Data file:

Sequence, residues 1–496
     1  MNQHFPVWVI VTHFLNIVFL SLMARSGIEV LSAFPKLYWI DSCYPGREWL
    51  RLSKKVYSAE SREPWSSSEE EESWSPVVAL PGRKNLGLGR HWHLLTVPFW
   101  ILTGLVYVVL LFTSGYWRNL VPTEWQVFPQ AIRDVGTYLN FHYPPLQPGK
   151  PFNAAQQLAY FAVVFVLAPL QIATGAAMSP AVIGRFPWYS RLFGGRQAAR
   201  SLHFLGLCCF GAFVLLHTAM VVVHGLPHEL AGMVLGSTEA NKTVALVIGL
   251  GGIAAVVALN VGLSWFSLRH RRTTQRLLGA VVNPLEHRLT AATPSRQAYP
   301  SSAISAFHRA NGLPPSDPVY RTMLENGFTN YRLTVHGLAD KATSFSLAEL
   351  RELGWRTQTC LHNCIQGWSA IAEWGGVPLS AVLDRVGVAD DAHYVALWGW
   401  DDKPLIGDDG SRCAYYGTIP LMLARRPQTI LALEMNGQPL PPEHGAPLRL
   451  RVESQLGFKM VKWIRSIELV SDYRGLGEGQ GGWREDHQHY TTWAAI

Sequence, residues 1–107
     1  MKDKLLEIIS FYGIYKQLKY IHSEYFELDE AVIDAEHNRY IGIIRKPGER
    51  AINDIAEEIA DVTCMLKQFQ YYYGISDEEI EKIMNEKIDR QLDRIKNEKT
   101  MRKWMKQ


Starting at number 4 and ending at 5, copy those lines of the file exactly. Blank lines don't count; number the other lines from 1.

   101  ILTGLVYVVL LFTSGYWRNL VPTEWQVFPQ AIRDVGTYLN FHYPPLQPGK
   151  PFNAAQQLAY FAVVFVLAPL QIATGAAMSP AVIGRFPWYS RLFGGRQAAR